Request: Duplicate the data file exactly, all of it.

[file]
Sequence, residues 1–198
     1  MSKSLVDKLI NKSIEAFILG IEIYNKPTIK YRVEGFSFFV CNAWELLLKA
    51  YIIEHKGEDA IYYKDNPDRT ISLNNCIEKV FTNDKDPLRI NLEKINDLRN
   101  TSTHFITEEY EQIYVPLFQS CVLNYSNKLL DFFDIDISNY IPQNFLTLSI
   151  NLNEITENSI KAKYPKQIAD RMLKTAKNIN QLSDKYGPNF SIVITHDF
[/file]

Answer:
Sequence, residues 1–198
     1  MSKSLVDKLI NKSIEAFILG IEIYNKPTIK YRVEGFSFFV CNAWELLLKA
    51  YIIEHKGEDA IYYKDNPDRT ISLNNCIEKV FTNDKDPLRI NLEKINDLRN
   101  TSTHFITEEY EQIYVPLFQS CVLNYSNKLL DFFDIDISNY IPQNFLTLSI
   151  NLNEITENSI KAKYPKQIAD RMLKTAKNIN QLSDKYGPNF SIVITHDF